Pilate went out again and said to them, “See, I am bringing him out to you that you may know that I find no guilt in him.” So Jesus came out, wearing the crown of thorns and the purple robe. Pilate said to them, “Behold the man!” When the chief priests and the officers saw him, they cried out, “Crucify him, crucify him!” Pilate said to them, “Take him yourselves and crucify him, for I find no guilt in him.”

Matthew 27:22-23
Pilate said to them, “Then what shall I do with Jesus who is called Christ?” They all said, “Let him be crucified!” And he said, “Why, what evil has he done?” But they shouted all the more, “Let him be crucified!”

Mark 15:12-14
And Pilate again said to them, “Then what shall I do with the man you call the King of the Jews?” And they cried out again, “Crucify him.” And Pilate said to them, “Why, what evil has he done?” But they shouted all the more, “Crucify him.”

Luke 23:20-23
Pilate addressed them once more, desiring to release Jesus, but they kept shouting, “Crucify, crucify him!” A third time he said to them, “Why, what evil has he done? I have found in him no guilt deserving death. I will therefore punish and release him.” But they were urgent, demanding with loud cries that he should be crucified. And their voices prevailed.

Pilate’s fourth attempt to get out of this situation was to use Jesus’ pain and humiliation as a way to satiate the bloodthirsty mob. Jesus was now bruised and bleeding, and was dressed like a mock king with his purple robe and crown of thorns.

Pilate says, “Behold the man!”. It is as if he was saying in mockery, “Surely this man is no threat!”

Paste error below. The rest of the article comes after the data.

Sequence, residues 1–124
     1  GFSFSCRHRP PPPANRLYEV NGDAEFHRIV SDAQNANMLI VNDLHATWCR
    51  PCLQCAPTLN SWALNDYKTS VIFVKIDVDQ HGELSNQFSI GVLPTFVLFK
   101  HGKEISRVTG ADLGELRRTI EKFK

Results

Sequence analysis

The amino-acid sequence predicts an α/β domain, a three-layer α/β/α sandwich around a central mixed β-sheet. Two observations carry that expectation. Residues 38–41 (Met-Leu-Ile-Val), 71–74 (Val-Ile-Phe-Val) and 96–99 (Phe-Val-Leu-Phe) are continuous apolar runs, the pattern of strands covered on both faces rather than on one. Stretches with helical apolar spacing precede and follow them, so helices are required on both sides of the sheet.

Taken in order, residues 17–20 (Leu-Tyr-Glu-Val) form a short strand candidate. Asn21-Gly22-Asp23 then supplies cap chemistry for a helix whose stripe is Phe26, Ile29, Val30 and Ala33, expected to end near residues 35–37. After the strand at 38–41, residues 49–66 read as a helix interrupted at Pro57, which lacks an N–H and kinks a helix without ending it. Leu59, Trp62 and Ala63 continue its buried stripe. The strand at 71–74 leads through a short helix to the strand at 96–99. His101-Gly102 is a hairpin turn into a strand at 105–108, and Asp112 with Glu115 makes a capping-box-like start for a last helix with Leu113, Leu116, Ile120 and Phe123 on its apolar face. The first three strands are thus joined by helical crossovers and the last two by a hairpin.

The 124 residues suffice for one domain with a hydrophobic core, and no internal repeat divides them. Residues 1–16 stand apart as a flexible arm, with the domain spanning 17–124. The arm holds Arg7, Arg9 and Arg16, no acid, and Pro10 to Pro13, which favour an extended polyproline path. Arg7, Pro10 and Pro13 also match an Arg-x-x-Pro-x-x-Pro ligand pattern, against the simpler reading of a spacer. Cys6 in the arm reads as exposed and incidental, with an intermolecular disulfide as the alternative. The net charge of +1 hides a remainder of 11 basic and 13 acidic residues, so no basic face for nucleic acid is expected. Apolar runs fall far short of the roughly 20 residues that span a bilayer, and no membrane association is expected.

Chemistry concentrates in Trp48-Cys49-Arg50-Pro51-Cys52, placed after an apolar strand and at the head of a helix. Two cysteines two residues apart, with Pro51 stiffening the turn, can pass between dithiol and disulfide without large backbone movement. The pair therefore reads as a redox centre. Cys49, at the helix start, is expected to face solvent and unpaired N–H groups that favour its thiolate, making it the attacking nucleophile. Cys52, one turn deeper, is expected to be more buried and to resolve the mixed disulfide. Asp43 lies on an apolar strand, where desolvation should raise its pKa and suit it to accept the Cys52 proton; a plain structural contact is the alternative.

“As the Roman procurator presented the brutalized Jesus to the crowds, he said, ‘Behold, here is the man you charge with being a dangerous insurrectionist, the man whom you insist I execute in order to protect and safeguard the Roman empire. Look at him – can you maintain this charge against such a beaten and bloody man?’” – Doug Bookman [1]

But the crowd cannot be appeased. Pilate tries to question why they want HIm dead, but they only shout louder — “Crucify Him!”

 

John 19:7-11
The Jews answered him, “We have a law, and according to that law he ought to die because he has made himself the Son of God.” When Pilate heard this statement, he was even more afraid. He entered his headquarters again and said to Jesus, “Where are you from?” But Jesus gave him no answer. So Pilate said to him, “You will not speak to me? Do you not know that I have authority to release you and authority to crucify you?” Jesus answered him, “You would have no authority over me at all unless it had been given you from above. Therefore he who delivered me over to you has the greater sin.”

Pilate was still trying to free Jesus when the Jews took the offensive. They told Pilate that Jesus must die according to Jewish law because he made himself the Son of God. This scared Pilate even more so he summoned Jesus for a second private conversation.